To live in a state of mindcoolness, we have to be able to control our emotions and keep our mind cool when stress builds up and negative emotions arise.
Our successful emotion regulation has three major components:
- Mindfulness. We are aware that we are feeling something and clear about what we are feeling.
- Mindset. We accept our feelings and know that they will pass without us fighting them.
- Willpower. We stay focused on what we want to do and remain in control of what we are doing.
When psychologists measure these abilities, they use questionnaires like the Difficulties in Emotion Regulation Scale. Yet we all know that self-reports are a poor source of scientific evidence because they depend on people’s self-knowledge (which may be faulty and biased) and self-evaluative honesty (which may be subject to social desirability).
If we want objective facts, we need objective measurements. But how can we objectively measure our capacity to emotionally self-regulate?
Scientists have proposed the physiological measure of heart rate variability (HRV). This variation in the time interval between consecutive heartbeats is a biomarker for overall health and risk of all-cause mortality. Higher HRV means: we are healthier, our autonomic nervous system can deal better with stress, our mind is cooler, we are physically fitter and better recovered, and we have more willpower.
In theory, if we are emotionally disturbed (stressed, angry, anxious, depressed, etc.) for too long because we fail to regulate our emotions, our HRV will drop. Conversely, if our HRV is high during rest, we will be better able to control ourselves when negative emotions come up.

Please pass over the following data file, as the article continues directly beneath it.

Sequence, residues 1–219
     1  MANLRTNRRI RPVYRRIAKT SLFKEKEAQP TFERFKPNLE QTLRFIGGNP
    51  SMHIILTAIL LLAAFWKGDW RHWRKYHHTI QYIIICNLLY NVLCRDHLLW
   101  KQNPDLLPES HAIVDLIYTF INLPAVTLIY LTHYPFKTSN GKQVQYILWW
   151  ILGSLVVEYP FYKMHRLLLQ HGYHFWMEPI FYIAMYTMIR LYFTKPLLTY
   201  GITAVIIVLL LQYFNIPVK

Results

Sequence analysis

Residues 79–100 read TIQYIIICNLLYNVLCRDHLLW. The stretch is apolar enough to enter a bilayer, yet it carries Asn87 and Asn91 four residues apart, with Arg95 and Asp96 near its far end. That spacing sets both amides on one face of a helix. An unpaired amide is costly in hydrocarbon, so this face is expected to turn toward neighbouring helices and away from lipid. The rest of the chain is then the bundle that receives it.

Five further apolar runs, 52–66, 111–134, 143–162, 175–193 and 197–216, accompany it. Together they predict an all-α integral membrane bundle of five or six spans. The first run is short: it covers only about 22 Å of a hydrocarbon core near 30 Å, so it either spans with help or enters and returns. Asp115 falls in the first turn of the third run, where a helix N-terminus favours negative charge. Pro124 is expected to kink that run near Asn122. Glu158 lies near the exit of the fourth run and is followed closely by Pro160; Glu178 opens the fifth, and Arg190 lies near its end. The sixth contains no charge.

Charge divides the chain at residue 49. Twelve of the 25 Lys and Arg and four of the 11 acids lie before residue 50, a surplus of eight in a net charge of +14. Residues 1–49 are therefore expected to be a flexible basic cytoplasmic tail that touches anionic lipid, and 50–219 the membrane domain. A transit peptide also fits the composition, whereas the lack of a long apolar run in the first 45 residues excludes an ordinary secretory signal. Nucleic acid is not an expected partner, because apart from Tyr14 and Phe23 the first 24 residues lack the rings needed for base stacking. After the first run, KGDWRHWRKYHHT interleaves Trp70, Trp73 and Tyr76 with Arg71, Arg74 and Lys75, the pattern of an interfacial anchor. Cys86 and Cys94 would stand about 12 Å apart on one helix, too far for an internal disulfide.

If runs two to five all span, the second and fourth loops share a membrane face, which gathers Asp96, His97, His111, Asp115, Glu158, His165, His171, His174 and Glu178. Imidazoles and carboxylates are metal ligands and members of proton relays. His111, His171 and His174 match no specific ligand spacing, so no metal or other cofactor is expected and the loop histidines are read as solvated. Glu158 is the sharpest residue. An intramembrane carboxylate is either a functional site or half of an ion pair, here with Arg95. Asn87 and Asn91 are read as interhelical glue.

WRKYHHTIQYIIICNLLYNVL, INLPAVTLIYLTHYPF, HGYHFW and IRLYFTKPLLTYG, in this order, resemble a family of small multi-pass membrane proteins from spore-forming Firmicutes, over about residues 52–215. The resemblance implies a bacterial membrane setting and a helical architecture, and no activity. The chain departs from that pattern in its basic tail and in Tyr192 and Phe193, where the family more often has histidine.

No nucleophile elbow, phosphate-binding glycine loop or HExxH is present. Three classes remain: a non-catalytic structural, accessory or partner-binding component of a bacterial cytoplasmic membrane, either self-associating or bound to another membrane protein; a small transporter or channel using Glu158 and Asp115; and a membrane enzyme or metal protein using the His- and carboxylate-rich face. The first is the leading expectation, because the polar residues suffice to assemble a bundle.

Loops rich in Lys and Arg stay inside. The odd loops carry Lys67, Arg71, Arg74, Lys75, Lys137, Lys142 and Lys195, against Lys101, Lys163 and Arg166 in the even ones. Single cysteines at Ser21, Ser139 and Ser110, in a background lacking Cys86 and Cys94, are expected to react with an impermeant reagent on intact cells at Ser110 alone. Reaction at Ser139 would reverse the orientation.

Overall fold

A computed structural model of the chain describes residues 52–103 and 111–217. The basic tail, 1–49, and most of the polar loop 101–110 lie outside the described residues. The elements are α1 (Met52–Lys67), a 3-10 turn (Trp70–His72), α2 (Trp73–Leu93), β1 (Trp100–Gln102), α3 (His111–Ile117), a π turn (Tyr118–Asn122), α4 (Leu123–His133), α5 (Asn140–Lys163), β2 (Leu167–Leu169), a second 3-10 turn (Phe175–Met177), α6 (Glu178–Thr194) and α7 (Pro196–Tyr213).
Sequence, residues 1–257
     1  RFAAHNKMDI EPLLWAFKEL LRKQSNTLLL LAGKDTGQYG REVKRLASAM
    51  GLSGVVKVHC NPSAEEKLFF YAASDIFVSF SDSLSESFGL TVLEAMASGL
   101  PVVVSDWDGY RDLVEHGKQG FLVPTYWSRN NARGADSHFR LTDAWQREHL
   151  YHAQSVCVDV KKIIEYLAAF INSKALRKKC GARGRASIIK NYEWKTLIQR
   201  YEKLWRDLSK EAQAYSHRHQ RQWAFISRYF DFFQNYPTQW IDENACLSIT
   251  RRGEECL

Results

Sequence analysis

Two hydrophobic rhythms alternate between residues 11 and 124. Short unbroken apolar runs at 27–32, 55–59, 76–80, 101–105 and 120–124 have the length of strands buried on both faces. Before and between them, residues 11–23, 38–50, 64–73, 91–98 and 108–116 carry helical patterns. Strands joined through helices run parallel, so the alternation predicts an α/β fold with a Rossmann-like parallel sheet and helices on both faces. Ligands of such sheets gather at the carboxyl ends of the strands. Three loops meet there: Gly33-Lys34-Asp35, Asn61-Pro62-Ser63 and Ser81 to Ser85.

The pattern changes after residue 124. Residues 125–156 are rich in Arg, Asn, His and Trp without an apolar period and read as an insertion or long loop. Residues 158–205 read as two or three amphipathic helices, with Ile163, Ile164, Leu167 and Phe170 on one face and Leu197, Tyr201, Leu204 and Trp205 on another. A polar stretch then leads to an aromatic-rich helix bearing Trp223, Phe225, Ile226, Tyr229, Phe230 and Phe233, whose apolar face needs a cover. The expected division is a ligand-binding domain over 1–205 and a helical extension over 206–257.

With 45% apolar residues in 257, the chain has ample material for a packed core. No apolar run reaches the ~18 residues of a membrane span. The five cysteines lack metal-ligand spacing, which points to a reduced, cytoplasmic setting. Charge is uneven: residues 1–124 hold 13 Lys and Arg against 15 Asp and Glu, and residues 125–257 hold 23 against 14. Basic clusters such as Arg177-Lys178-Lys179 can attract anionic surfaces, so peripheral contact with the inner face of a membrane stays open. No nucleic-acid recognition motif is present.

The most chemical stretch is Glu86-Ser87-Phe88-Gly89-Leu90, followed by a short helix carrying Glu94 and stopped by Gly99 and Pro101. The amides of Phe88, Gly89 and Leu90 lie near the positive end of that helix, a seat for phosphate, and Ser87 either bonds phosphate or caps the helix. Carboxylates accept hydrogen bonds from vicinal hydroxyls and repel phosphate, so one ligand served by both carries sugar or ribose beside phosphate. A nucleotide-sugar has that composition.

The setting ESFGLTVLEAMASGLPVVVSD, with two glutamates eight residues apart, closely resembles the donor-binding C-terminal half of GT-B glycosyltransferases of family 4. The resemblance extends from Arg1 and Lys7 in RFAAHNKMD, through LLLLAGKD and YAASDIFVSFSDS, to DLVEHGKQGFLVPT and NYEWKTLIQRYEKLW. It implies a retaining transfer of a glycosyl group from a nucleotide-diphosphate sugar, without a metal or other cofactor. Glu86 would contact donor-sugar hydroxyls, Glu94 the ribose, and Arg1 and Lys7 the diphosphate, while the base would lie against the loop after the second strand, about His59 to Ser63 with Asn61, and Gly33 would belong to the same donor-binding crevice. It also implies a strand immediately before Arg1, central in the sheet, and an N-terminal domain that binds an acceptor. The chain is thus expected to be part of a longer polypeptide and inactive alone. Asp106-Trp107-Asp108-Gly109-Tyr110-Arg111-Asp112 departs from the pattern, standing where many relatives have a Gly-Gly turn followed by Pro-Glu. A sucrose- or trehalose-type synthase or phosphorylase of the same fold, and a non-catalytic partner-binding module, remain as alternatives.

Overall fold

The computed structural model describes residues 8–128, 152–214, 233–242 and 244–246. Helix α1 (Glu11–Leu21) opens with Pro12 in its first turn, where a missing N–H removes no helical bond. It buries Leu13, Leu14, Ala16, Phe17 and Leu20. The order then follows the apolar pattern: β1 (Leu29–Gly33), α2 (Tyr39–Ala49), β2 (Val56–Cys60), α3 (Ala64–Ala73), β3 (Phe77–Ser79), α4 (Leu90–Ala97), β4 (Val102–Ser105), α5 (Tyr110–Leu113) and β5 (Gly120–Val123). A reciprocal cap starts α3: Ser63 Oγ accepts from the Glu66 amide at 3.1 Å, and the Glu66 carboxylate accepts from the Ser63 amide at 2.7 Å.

In a new study, Visted et al. (2017) investigated whether the objective measure of HRV (in particular, HRV mediated by the vagus nerve) coincides with the subjective measure of self-reports. Their results were largely positive. Difficulties in overall emotion regulation and specifically in accepting negative feelings correlated with lower resting HRV.
Interestingly, this correlation was not just found in the lab, but also in a natural setting. 34 of the 62 participants left the lab with a little device that recorded their HRV for 24 hours as they went about their day in their natural environment. Their daytime (but not nighttime) HRV was indicative of how well they could control their emotions.
Therefore, HRV seems to be a psychophysiological marker of emotion regulation capacity.
Visted, E., Sørensen L., Osnes B., Svendsen J. L., Binder P.-E., Schanche E. (2017). The Association between Self-Reported Difficulties in Emotion Regulation and Heart Rate Variability: The Salient Role of Not Accepting Negative Emotions. Frontiers in Psychology 8(328), doi: 10.3389/fpsyg.2017.00328.
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